Shorts: Mideast

Kidnapped soldier turns 21 in captivity

Israelis marked the 21st birthday of Gilad Shalit, a soldier held for more than a year by Hamas-led gunmen in the Gaza Strip. Supporters of Shalit held a rally in Tel Aviv on Aug. 28, the conscript sergeant’s second birthday in Palestinian captivity, while newspapers and other media carried fresh coverage on his family’s ordeal.

Shalit’s father, Noam, said Prime Minister Ehud Olmert was not doing enough to recover his son from Hamas, which wants a prisoner exchange. Olmert has signaled willingness to bargain for Shalit’s return but has ruled out the lopsided swap demands made by Hamas so far. Shalit was abducted in a June 25, 2006 cross-border raid. Two of his comrades were killed in the incident. — jta

Israel Museum launches site for stolen works

The Israel Museum has launched an online catalog of works of art and Judaica looted during World War II and given to the museum after the war.

The property was originally given to the Bezalel National Museum, the Israel Museum’s predecessor, by the Jewish Restitution Successor Organization, which was charged with reclaiming stolen Jewish property. The works were subsequently moved to the Israel Museum in 1965, when it was founded.

“This is a major moral accomplishment for the state of Israel,” said Avraham Roet, a Holocaust survivor and head of the restitution organization. Roet said that this was the first time a Jewish museum was searching for heirs for artwork stolen in the Holocaust and given to Jewish organizations after the war. The new Web site provides instructions for requesting property restitution. The catalog is available at — jps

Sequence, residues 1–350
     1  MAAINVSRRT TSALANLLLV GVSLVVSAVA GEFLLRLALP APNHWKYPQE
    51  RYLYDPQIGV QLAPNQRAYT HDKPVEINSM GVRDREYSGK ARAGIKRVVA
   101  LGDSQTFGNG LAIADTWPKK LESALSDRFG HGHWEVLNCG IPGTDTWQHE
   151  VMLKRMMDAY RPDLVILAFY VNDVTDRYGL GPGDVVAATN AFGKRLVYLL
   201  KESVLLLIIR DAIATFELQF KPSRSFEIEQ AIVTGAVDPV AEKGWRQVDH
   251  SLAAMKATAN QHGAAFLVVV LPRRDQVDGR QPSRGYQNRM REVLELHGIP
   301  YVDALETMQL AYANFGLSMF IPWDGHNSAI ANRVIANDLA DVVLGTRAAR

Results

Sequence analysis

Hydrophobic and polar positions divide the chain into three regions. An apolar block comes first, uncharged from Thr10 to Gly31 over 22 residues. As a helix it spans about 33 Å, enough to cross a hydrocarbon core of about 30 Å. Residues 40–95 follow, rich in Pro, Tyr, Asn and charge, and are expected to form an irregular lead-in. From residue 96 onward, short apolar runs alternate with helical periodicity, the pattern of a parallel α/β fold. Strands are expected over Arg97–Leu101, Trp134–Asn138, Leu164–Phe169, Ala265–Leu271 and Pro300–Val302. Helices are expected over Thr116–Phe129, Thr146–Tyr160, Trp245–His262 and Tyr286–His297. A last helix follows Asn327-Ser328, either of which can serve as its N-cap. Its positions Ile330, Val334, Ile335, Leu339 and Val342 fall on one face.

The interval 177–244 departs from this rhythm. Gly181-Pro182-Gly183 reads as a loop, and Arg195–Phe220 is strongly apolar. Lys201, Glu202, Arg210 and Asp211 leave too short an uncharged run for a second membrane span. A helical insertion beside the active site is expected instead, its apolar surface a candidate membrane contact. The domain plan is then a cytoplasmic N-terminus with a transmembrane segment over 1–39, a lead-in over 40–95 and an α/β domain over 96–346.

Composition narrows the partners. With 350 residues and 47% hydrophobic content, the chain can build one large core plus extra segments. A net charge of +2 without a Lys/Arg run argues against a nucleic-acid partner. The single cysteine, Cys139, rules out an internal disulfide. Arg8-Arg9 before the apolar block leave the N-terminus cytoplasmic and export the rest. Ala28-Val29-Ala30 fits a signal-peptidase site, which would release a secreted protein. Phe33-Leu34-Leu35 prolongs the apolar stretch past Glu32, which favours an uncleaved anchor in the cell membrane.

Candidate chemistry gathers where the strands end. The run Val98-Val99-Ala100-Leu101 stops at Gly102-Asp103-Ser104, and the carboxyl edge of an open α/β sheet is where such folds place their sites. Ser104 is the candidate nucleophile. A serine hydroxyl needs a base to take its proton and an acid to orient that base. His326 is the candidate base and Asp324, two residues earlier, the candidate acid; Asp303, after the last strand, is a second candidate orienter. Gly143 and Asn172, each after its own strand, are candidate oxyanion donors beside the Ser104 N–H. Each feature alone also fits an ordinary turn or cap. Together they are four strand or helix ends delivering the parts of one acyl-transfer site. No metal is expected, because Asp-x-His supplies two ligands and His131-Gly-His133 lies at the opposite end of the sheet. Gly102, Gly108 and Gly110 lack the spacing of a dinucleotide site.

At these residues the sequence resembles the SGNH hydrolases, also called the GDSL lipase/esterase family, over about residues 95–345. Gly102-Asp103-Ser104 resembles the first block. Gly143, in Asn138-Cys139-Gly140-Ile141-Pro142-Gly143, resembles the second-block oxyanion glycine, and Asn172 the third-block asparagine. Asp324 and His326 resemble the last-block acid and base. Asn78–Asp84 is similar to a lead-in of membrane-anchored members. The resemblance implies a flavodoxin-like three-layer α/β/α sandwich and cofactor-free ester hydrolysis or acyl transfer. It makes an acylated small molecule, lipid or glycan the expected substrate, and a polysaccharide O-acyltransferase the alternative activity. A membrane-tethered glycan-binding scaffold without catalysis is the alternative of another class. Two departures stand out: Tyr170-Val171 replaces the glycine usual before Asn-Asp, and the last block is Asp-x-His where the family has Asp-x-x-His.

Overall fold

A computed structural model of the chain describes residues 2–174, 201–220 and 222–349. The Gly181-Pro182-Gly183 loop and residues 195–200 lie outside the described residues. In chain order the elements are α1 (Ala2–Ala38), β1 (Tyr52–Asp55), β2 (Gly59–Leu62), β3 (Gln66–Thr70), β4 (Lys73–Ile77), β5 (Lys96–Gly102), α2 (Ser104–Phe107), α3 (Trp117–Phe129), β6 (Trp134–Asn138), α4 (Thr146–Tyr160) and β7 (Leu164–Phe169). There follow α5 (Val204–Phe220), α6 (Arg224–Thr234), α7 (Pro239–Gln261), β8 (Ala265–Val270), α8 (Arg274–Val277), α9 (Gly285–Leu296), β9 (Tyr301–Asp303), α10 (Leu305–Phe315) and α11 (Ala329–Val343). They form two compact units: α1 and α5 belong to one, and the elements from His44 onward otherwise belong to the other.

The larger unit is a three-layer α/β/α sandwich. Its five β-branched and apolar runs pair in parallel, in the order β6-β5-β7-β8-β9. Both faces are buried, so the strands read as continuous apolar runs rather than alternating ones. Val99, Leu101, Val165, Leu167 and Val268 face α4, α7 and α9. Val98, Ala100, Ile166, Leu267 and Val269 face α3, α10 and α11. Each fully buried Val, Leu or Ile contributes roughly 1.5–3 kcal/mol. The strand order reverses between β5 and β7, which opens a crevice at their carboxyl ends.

Sermon ‘misunderstood’

An influential Israeli rabbi’s comment that Israeli soldiers died in battle because they were not ritually observant Jews was misunderstood, according to a Cabinet minister.

Ovadia Yosef, a former chief rabbi of Israel and spiritual leader of the fervently religious Shas political movement, outraged bereaved relatives and lawmakers across the political spectrum when he said, “Is it any wonder that, heaven forbid, soldiers are killed in a war, when they don’t observe the Sabbath, don’t observe the Torah, don’t pray every day, don’t put on phylacteries every day?”

Yosef posed the question in a recent sermon, saying the Bible requires that only pious Jews go to war for their homeland.

On Tuesday, Aug. 28, Israeli media reported that Yosef was referring to soldiers from biblical times. Eli Yishai, a Cabinet minister and head of the Shas party, said Yosef was “misunderstood.” — ap

Israeli crematorium torched

Israel’s only crematorium was torched. Unknown arsonists set fire last week to an outdoor oven belonging to Alei Shalehet, the only Israeli mortuary to offer cremation as an alternative to burial. The attack took place hours after the crematorium’s previously secret location, on farmland outside Tel Aviv, was published in a fervently religious newspaper.

Alei Shalehet’s owner blamed zealots angered at the availability of cremation, which is against Jewish law, in Israel. Police had no immediate comment on the suspects. — jta

Egyptian actor faces boycott

A popular Egyptian actor faces a boycott in his homeland for appearing in a TV film about Saddam Hussein starring an Israeli actor as the tyrant. The Egyptian actor’s union said it would investigate whether Amr Waked violated its rules for agreeing to play Saddam’s son-in-law in a BBC production now filming in Tunisia. Yigal Naor, an Israeli, plays Saddam. Waked, who appeared opposite George Clooney in “Syriana” in 2005, has been telling Egyptian newspapers that he did not know of Naor’s participation when he signed on and that the film is critical of U.S. — jta